DINI: “That’s the thing, you know I hate being Mr. Sour Grapes here, but I’ll just lay it on the line: that’s the thing that got us cancelled on Tower Prep, honest-to-God was, like, ‘we need boys, but we need girls right there, right one step behind the boys’ — this is the network talking — ‘one step behind the boys, not as smart as the boys, not as interesting as the boys, but right there.’ And then we began writing stories that got into the two girls’ back stories, and they were really interesting. And suddenly we had families and girls watching, and girls really became a big part of our audience, in sort of like they picked up that Harry Potter type of serialized way, which is what The Batman and [indistinct]’s really gonna kill. But, the Cartoon Network was saying, ‘F***, no, we want the boys’ action, it’s boys’ action, this goofy boy humor we’ve gotta get that in there. And we can’t — ‘ and I’d say, but look at the numbers, we’ve got parents watching, with the families, and then when you break it down — ‘Yeah, but the — so many — we’ve got too many girls. We need more boys.'”

SMITH: “That’s heart-breaking.”

DINI: “And then that’s why they cancelled us, and they put on a show called Level Up, which is, you know, goofy nerds fighting CG monsters. It’s like, ‘We don’t want the girls because the girls won’t buy toys.’ We had a whole… we had a whole, a merchandise line for Tower Prep that they s***canned before it ever got off the launching pad, because it’s like, ‘Boys, boys, boys. Boys buy the little spinny tops, they but the action figures, girls buy princesses, we’re not selling princesses.'”


Problems faced by divorced women….


This is a short but poignant informative video by Cindy Crawford. She makes many valid points which we all know but probably don’t always think about. Ms Crawford reflects on her  childhood living with a single mother who was financially reliant on her ex-husband (Cindy’s father). Although times are different now in the sense that women work and can be financially independent, times really havent changed all that much when you really examine society. Women still make up the majority of the single parents in this country. Men still can control finances in the form of not paying child or spousal support. Although this can be enforced, it usually requires time and effort on the part of the woman. Women are more likely to live in poverty than men and to be responsible for children in the event of a divorce or break up. The reasons for this can be varied but one very often overlooked reason going back decades is the fact that women STILL earn less than men in similar fields. In World War Two era America, women took on jobs that men had to leave in order to serve the country. Women did these jobs competently but often for less money. And no matter how competent a woman was in a field she was still viewed as a place marker, keeping the job warm until a man could come reclaim it. Historically men were paid a “family wage” on the assumption that they were or would be supporting a wife an d children. Although jobs were available for women during this time,  these jobs typically paid far less based on the view women were there simply to earn “pin money.” It is a sad statement on our country that decades later our country still has not caught on to the idea that women do far more than earn “pin money” nowadays.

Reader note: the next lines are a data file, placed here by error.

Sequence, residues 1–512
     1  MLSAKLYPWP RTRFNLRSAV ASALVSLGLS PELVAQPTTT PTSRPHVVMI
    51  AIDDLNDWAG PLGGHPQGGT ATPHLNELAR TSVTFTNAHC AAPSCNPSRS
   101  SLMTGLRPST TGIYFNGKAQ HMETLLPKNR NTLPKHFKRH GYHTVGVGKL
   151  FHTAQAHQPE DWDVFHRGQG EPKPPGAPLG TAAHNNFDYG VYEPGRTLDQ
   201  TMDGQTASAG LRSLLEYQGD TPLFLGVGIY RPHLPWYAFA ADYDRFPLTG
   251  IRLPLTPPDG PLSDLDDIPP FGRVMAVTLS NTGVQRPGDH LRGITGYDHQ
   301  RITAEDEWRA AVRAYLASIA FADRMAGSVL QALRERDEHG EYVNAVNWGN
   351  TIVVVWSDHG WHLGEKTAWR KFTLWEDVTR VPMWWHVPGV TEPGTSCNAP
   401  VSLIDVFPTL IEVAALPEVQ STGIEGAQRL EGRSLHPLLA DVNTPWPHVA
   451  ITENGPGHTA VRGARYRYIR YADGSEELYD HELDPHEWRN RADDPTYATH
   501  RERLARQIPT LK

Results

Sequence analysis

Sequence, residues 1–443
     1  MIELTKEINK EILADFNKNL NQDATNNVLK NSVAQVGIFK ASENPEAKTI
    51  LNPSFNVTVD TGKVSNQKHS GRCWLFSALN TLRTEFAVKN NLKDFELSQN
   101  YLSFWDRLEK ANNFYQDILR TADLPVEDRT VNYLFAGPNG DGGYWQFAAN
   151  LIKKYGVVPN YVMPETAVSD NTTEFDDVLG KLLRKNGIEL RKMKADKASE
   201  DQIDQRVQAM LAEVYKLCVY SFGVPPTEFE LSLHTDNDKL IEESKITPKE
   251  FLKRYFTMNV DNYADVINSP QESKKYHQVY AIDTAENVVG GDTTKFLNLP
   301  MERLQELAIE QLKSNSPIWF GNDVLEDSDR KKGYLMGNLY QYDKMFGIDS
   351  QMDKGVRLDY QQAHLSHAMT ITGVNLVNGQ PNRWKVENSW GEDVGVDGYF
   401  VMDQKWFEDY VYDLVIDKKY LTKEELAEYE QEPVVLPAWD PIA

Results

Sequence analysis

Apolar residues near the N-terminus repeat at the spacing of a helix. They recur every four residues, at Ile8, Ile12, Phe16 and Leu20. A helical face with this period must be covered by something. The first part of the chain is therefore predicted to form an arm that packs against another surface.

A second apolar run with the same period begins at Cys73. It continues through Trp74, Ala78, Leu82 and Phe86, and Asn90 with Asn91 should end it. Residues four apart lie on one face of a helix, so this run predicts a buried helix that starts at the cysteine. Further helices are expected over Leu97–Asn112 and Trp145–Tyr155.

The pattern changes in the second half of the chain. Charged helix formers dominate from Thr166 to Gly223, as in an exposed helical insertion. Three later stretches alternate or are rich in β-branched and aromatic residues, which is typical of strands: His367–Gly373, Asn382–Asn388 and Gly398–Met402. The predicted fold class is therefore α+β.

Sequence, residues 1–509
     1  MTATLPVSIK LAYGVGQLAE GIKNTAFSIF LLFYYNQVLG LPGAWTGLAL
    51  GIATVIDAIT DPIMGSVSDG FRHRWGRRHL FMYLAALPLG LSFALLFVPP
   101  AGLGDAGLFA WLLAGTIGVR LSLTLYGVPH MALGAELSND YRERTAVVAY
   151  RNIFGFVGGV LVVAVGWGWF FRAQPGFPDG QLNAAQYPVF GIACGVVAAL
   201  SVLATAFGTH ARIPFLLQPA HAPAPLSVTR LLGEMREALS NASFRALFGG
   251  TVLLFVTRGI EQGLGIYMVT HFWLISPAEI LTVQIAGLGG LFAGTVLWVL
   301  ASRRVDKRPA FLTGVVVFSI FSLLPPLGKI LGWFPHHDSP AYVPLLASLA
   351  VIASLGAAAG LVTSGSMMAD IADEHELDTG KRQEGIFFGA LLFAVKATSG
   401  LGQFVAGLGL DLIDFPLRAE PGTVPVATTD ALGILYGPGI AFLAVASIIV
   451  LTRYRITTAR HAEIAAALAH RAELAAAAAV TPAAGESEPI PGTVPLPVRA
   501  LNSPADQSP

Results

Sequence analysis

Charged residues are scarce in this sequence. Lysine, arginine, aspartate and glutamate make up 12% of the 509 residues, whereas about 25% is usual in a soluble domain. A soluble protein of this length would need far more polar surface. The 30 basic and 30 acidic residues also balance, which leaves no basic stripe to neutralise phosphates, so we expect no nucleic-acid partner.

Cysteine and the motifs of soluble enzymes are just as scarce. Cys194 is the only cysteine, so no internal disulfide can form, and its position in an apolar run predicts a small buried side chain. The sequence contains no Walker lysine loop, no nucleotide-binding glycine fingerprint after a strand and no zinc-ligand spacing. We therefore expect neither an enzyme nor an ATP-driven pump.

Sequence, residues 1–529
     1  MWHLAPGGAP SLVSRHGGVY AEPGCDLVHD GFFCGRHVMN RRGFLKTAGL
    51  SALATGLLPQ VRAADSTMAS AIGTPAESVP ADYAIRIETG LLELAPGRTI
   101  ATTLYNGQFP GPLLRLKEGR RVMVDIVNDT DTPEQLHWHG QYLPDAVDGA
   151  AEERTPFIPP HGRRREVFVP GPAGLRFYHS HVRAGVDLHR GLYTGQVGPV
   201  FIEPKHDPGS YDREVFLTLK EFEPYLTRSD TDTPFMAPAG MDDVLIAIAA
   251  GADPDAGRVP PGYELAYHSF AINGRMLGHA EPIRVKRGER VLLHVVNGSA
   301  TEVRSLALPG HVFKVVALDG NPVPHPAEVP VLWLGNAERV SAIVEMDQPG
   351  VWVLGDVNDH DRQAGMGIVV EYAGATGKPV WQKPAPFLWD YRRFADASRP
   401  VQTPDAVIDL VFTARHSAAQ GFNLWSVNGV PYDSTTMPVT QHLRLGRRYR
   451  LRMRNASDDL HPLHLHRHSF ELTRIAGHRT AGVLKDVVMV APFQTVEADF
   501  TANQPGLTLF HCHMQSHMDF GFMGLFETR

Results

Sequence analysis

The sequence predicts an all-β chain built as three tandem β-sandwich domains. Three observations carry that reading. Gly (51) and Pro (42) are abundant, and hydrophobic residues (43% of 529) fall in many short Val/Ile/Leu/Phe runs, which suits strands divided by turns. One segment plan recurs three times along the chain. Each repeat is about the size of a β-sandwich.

Women by biology have to take time off from work in order to have children and for this reason typically have the responsibility of caring for said children placed on their shoulders, at least in the beginning. Women cannot advance in careers on the same track as a man if they want to have families. No matter how career minded a woman may be there are employers who still will vie them as less focused or career oriented. These things ARE changing of course. I know several fathers who stay home or who are the main caregivers to their children. Times are changing , but slowly.